recommendations(!), so the recommendations are his, and
    therefore the possessive goes on “Dad”, not “Strand”.’

    So, you’d talk about the “president’s of Israel opinion” rather
    than the “president of Israel’s opinion” because the opinion is
    the president’s rather than Israel’s?

  17. “Occam’s Dad tell us this is not what they meant, and therefore the sign was incorrect.”

    That’s not what you meant, and therefore it’s incorrect.

  18. “So, you’d talk about the “president’s of Israel opinion” rather
    than the “president of Israel’s opinion” because the opinion is
    the president’s rather than Israel’s?”

    Presumably, this imaginary president of Israel speaks for Israel, and therefore it would be Israel’s opinion. Conversely, if Steinberg of Israel offers an opinion, the opinion is Steinberg’s, not Israel’s (of course, Steinberg’s opinion and the rest of Israel’s opinion may coincide.

    Here, we have Dad, who is associated with the bookstore (he is “of Strand”, but apparently does not speak authoritatively for Strand. If Dad DID represent the Bookstore, then we could leave him out of it, and just have Strand’s Book Recommendations!

    Hint: The reason that apostrophes are disappearing from business names is that you can’t have apostrophes in domain names, and if you don’t have your own domain, you aren’t a business to be taken seriously in the third millennium.
    The reason that so many darn people get apostrophes wrong is that the rules regarding apostrophes are arbitrary and stupid.

  19. James, even if the president isn’t speaking for Israel — just expressing his own opinion — “The President of Israel’s opinion” is correct.

    I’ve never seen any grammar authority approve inserting a possessive apostrophe-s in the middle of a noun phrase.

  20. And just so we’re clear, even if he /was/ speaking for Israel, that doesn’t mean he’s the president of the nation’s opinion!

  21. Have to agree with Powers here. If John is from Toronto, it’s “John of Toronto’s opinion”, not “John’s of Toronto opinion”, nu?

  22. I was really disappointed in Steve Allen’s Dumbth back when I read it — it basically was nothing more than the clichéd age-old diatribe against the young uns not doing things like I am used to. It hadn’t aged well when it was new, it should be particularly vapid nearly 30 years on.

  23. I am reminded of the perhaps apocryphal exchange between Adlai Stevenson (running for president) and a gushing fan. “Mr Stevenson, you have the support of every thinking person in the nation.” “That’s not enough, Madam. I need a majority.”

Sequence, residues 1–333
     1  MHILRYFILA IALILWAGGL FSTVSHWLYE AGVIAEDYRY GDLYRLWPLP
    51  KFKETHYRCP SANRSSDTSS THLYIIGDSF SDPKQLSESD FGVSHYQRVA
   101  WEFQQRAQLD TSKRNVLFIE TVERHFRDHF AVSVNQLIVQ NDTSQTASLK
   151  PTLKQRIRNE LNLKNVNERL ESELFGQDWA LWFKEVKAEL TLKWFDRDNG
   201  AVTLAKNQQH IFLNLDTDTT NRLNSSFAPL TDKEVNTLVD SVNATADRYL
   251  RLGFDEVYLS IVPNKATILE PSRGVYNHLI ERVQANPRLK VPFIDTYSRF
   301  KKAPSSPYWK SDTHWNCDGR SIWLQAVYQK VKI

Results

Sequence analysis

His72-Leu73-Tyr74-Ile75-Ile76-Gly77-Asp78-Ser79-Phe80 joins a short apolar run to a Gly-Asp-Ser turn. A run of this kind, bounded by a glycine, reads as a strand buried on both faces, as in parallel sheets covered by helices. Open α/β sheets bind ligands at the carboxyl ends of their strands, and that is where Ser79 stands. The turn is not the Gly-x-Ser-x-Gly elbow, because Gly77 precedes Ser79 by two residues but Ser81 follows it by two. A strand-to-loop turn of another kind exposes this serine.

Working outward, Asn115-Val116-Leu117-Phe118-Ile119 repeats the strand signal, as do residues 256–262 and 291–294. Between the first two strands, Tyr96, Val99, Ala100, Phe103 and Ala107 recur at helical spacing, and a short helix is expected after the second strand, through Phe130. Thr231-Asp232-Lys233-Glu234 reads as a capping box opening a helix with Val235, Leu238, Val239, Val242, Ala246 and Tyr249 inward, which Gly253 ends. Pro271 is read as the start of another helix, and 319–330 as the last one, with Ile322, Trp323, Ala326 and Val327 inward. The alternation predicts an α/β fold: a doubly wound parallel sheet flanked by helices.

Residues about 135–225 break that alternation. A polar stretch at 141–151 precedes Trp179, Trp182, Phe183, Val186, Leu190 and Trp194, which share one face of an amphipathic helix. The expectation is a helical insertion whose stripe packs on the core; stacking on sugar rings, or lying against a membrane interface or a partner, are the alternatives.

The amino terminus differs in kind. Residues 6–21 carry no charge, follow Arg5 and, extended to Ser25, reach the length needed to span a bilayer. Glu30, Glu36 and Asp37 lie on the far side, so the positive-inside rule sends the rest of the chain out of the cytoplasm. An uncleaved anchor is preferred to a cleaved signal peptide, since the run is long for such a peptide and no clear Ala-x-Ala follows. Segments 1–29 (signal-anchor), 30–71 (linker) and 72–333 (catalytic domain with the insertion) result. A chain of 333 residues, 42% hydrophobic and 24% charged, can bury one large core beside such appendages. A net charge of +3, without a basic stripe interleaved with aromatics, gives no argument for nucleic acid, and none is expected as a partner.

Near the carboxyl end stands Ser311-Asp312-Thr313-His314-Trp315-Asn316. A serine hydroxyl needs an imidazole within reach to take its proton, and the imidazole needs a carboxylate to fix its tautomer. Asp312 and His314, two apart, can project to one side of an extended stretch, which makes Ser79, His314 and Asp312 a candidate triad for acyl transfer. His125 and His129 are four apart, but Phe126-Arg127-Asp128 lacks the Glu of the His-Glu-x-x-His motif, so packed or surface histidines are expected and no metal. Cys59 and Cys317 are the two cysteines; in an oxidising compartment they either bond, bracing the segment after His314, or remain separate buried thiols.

24. Can you have separate the possession from the possessor? I don’t think Mike’s …. descriptive words… possession, is ever allowed. This leads to some ambiguity but if it *is* the recommendation of Dad of Strand it really does have to be Dad of Strand’s recommendation. I think James has painted himself into a corner.

    As for what this sign means the most reasonable interpretation would be Dads of Strand’s recommendations.

  25. OK, that was dumb, but if only there were a preview function so that you could check for unclosed italics….

  26. ” I don’t think Mike’s …. descriptive words… possession, is ever allowed. ”

    You might want to investigate subordinate clauses. Typically, but not universally, set off by commas.

  27. Woozy’s last insightful comment claims I can’t do what I just did…

    But then I’ve always been one to boldly be contrarian…

  28. “Woozy’s last insightful comment claims I can’t do what I just did”

    I’m not sure if you are being sarcastic. And I’m not sure what I claimed you can’t do.

    “You might want to investigate subordinate clauses. ”

    I don’t see how that is relevant.

    Although, I realize you can put a possession *before* the possessive as in, “the books were Dad’s”.

    I guess this could go something like this.

    “Whose things are these?” “Dad’s.” *quizical look* “Of Strand” *vague waving around as though still confused what the function of the things were* “Book Recommendations!”

  29. “As for what this sign means the most reasonable interpretation would be Dads of Strand’s recommendations.”

    I agree. But it raises the question of why a Strand’s recommendation would even have a dad? I guess it’s metaphorical.

  30. Quoth woozy: And I’m not sure what I claimed you can’t do.
    “I don’t think Mike’s …. descriptive words… possession, is ever allowed.”
    Mike’s –> Woozy’s
    possession –> comment
    descriptive words –> previous, insightful
    Woozy’s previous insightful comment

    Is that not allowed?

  31. I don’t think a possessive can easily replace a “for” or for that matter “by” construction. But the intended meaning seems to be “Book recommendations — for [or by] Dads of Strand”.

  32. My first name is “Mark”, my middle name is “in” and my last name is “Boston” so “Mark in Boston’s opinion” is correct.

  33. Oh, I see. I meant words not directly pertaining to the possession. Adjectives are *part* of the possession and are unquestionable allowed. So My Beautiful Launderette is obviously acceptable. But “Michael’s, although he does prefer to walk, automobile” surely is meaningless.

    But I was tentative and unsure so I did put it as a question.

  34. Everybody makes mistakes. The correct response is then to fix them.

    Or at the very least, realize that this is an embarrassing mistake and immediately take the sign down.

    The signs of growing illiteracy are 1) not noticing; or 2) noticing and assuming nobody else will notice or care.

    And remember, this isn’t a store selling t-shirt’s: it’s a well-known book store.

  35. The tragedy here is that there’s an easy fix that not only solves the problem but reads a bit more smoothly:

    STRAND DADS RECOMMEND!

    (or RECOMMENDED BY STRAND DADS!)

  36. My first name is “Mark”, my middle name is “in” and my last name is “Boston”

    — What do Attila the Hun and Kermit the Frog have in common?
    — Same middle name!